فعال سازی مغز در طول ادراک تصاویر بدن تحریف شده در اختلالات تغذیه ای
|کد مقاله||سال انتشار||مقاله انگلیسی||ترجمه فارسی||تعداد کلمات|
|31441||2010||10 صفحه PDF||سفارش دهید||محاسبه نشده|
Publisher : Elsevier - Science Direct (الزویر - ساینس دایرکت)
Journal : Psychiatry Research: Neuroimaging, Volume 181, Issue 3, 30 March 2010, Pages 183–192
Eating disorder (ED) patients have severe disturbances in the perception of body shape and weight. The authors investigated brain activation patterns during the perception of distorted body images in various subtypes of ED. Participants comprised 33 patients with EDs (11 with restricting-type anorexia nervosa (AN-R), 11 with binging–purging type anorexia nervosa (AN-BP), 11 with bulimia nervosa (BN)) and 11 healthy women. Functional magnetic resonance imaging was used to examine cerebral response to morphed images of subjects' own bodies, as well as that of another woman. The amygdala was significantly activated in AN-R patients, AN-BP patients, and healthy women in response to their own fat-image, but this did not occur in BN patients. The prefrontal cortex (PFC) was significantly activated in AN-BP patients and healthy women, but not in AN-R and BN patients. Our results showed that the various EDs are different with respect to significant activation of the amygdala and PFC during the processing of participants' own fat-image. Brain activation pattern differences between the various EDs may underlie cognitive differences with respect to distorted body image, and therefore might reflect a general failure to represent and evaluate one's own body in a realistic fashion.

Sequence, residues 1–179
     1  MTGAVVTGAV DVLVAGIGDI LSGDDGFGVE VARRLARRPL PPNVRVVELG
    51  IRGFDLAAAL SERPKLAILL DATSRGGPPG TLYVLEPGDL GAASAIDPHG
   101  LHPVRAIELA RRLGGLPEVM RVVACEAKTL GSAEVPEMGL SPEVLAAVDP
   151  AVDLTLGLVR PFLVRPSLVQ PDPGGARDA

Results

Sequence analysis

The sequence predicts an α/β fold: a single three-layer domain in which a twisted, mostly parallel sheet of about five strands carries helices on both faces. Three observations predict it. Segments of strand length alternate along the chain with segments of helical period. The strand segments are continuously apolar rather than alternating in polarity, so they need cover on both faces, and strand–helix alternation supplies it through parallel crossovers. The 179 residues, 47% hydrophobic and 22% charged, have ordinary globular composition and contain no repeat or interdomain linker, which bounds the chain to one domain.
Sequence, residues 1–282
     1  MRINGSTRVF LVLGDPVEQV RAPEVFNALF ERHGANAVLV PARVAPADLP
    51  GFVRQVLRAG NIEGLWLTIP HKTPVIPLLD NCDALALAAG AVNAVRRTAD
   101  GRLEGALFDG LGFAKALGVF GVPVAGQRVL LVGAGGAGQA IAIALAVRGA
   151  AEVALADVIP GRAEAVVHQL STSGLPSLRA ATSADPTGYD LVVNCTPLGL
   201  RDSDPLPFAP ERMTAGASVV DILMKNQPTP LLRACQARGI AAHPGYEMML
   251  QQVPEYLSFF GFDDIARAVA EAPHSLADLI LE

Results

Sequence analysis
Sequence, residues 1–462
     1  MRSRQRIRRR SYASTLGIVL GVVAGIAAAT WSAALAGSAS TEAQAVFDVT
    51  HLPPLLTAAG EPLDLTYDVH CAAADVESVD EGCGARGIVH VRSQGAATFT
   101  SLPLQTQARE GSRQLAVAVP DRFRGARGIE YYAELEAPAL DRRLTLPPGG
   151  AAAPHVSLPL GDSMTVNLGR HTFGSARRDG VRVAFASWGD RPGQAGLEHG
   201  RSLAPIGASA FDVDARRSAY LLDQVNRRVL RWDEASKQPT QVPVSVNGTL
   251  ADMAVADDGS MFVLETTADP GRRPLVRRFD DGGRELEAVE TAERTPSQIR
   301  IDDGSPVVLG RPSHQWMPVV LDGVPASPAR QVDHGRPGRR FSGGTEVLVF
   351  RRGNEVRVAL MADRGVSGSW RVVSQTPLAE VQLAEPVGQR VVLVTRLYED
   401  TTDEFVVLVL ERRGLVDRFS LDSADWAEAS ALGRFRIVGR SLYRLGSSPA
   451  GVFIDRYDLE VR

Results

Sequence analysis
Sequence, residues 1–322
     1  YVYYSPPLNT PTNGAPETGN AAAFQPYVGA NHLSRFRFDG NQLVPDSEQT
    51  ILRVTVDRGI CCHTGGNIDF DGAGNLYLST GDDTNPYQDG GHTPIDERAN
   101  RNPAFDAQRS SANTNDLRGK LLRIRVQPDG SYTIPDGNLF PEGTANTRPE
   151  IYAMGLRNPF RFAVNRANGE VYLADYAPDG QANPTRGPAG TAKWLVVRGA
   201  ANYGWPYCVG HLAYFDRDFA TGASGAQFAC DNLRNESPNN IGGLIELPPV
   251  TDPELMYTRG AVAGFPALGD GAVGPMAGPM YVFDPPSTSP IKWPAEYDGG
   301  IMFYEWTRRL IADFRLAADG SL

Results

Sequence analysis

Most women are concerned about their shape and weight (Thompson et al., 1999). Body dissatisfaction is widespread among women in Western societies (Rodin et al., 1993 and Tiggemann and Wilson-Barrett, 1998), possibly as a consequence of sociocultural standards of female beauty that emphasize extreme and, for most women, unattainable thinness (Thompson et al., 1999). Such expectations are thought to be a risk factor for the development of eating disorders (EDs). EDs are an important cause of physical and psychosocial morbidity in young women (Fairburn and Harrison, 2003). EDs are classified primarily into three subtypes, according to specific observable attributes or symptoms (e.g., eating behaviors per se). Anorexia nervosa (AN) and bulimia nervosa (BN) are the two major categories of ED. AN is characterized by the maintenance of an inappropriately low body weight, a relentless pursuit of thinness, and obsessive fears of becoming fat (American Psychiatric Association, 1994). AN is further classified into two subtypes according to specific eating behaviors (American Psychiatric Association, 1994): The restricting type (AN-R; severe restriction of food intake with no associated binging or purging behaviors) and the binge eating/purging type (AN-BP; restriction of food intake coupled with episodes of binge eating/purging). BN is characterized by frequent episodes of uncontrolled overeating (binging). Most EDs are characterized by abnormalities in perception and evaluation of body shape (Uher et al., 2005). Cognitive biases or distortions, particularly about body weight and shape, have been well documented among ED patients. These distortions include biases in the interpretation of body-related information. Related to concerns about weight and shape in EDs is “a disturbance in the way in which one's body weight or shape is experienced” (American Psychiatric Association, 1994). This manifests as systematic overestimation of one's own size, and this bias is stronger in AN than in BN (Cash and Deagle, 1997). Consistent with these cognitive biases, ED patients might have functional abnormalities in those brain systems that are concerned with the processing of body size or image (Grunwald et al., 2001 and Smeets and Kosslyn, 2001). Recently, brain imaging techniques such as functional magnetic resonance imaging (fMRI) have been used to identify specific areas that might underlie abnormal brain functioning in ED patients. The propensity to display specific attributes (drive for thinness, fear of fatness) and behaviors (restricting, binge eating) can be conceptualized as preferential activation of certain neural pathways and circuits (Uher et al., 2005). Several fMRI studies of EDs have investigated brain activation during the presentation of body shape images. Two previous fMRI studies have investigated the neuroanatomical effects of exposing AN patients to morphed images of their own bodies (Seeger et al., 2002 and Wagner et al., 2003). Whereas a pilot study of three patients reported specific responses in the right amygdala, right fusiform gyrus and brainstem to AN patients' own bodies relative to another woman's (Seeger et al., 2002), a group analysis of 13 patients did not replicate these findings (Wagner et al., 2003). The latter authors explain this discrepancy as a consequence of task design. Brain imaging data on BN are even more limited. One fMRI study found that the lateral fusiform gyrus, inferior parietal cortex, and lateral prefrontal cortex (PFC) were activated in response to line drawings of body shapes (compared with a control condition) in AN patients, BN patients, and healthy women (Uher et al., 2005). One positron emission tomography (PET) study reported that brain serotonin alterations were present after recovery from BN (Kaye et al., 2001). Our previous study reported that healthy women showed activation of the limbic/paralimbic areas and PFC upon viewing distorted images of their own bodies (Kurosaki et al., 2006). These investigations suggest that there is a specific neural network that is involved in the general processing of body shapes (the lateral fusiform, parietal and dorsolateral PFC (DLPFC)) (Uher et al., 2005 and Downing et al., 2001), with the emotional (e.g., the amygdala per se) and self-referential areas (medial PFC (MPFC)) (Fossati et al., 2003, Johnson et al., 2002 and Zysset et al., 2002) activated when body-shape-related stimuli carry significant emotional or self-related information (Friederich et al., 2007). Further evidence for the notion of a specific neural network for body shape processing comes from lesion studies, in which lesions of the DLPFC and/or parietal cortex are associated with impaired performance on tasks that require on-line coding of body posture (Schwoebel and Coslett, 2005). However, there have been no studies of brain activation differences upon viewing distorted images of one's own body among the three major subtypes of ED (AN-R, AN-BP, and BN). Similarly, little is known about possible functional abnormalities in brain systems that might underlie the cognitive/emotional differences amongst the three subtypes of ED. In the present study, we investigated the neural correlates of body-image perception in three subtypes of EDs and healthy women, examining cerebral responses to morphed images of subjects' own bodies as well as that of another woman. We hypothesized that brain activation differences during the processing of body-image stimuli across the groups would involve discrepancies in activation of the limbic area including the amygdala, and the PFC. We used fMRI to capture brain activation while participants engaged in a “body-image task” that required them to perceive distorted images and real images of their own (and others') bodies.